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Preserving our heritage

Preserving our heritage

A heritage is something that is handed down to us by our ancestors, Heritage is something of the past be it tradition or relics. In Sierra Leone today, we often ask ourselves where are ours? When we turn around in search all we find out is that they all lay in ruins.

New Picture (4)The jetty down government wharf and the stone bricks steps behind NASSIT building also down at the colonial built jetty are in ruins. These are monumental structures that are to be preserved for generations yet unborn to see what Sierra Leone used to be by the end of the Slave Trade for the wharf was here where the freed slaves were said to have landed in 1787.

These are important scenes where slaves were loaded and shipped to Europe during the days of slavery. Thank God, the historic cotton tree is under refurbishment by one of the leading phone companies, Africell.

The significance of those relics we got through our jagged history from colonial days cannot be overstated. These need to be preserved for our unborn children and those that are interested in our murky history to also benefit. Truly, they are an integral part of our history and deserve to be treated as such.

New Picture (2)But in Sierra Leone today, we are gradually wiping them off sights. Preserving our heritage could serve as a tourist attraction and even generate income for this country. Why have we forgotten our past and the horrendous act of slavery so soon? In very recent times the newly elected American President Barrack Obama paid a swift visit to Ghana just to see the slave dungeon at Elimina in Cape Coast. The Cape Coast Castle in Ghana was the place used by slave’s merchants to transport slaves to Europe and America.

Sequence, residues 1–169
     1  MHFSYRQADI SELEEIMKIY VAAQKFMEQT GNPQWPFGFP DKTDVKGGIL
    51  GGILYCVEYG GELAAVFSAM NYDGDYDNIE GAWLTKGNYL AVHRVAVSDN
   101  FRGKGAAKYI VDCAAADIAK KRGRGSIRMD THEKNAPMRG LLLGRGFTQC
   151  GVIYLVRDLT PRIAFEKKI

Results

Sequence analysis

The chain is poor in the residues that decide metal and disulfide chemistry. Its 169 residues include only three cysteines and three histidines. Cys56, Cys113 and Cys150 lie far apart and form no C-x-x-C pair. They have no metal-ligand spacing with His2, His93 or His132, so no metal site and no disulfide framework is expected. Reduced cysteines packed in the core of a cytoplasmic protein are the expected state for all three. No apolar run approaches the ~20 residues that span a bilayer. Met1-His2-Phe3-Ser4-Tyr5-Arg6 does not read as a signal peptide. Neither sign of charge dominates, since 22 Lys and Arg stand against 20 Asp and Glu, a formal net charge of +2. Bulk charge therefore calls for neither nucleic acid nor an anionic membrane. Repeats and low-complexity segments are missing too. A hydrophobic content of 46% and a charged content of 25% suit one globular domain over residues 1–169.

Would it not have been a pride for Obama to have visited Sierra Leone and a have quick glance at our slavery heritage at Government Wharf and other places in Freetown? Other places like Bunce Island still have relics of slave chains and slave forts. The rapid extinction of these slave heritages sends the feelings that we don’t care about our past; it might as well be that our ancestors are not happy with us for this wanton destruction of our heritage.

Furthermore, Sierra Leone being one of the first slave ports in West Africa where slaves were set free in December 1787, we should have at least some gothic monument to show for it. With the elimination of these relics of slavery, many Sierra Leoneans don’t see what we have in our national museum. All over the world preserved relics of the past are on show, but what we have in our national museum are just mask devils and lanterns and they could be found anywhere in this country.  It’s about time we start thinking about our culture and heritage before both disappear.

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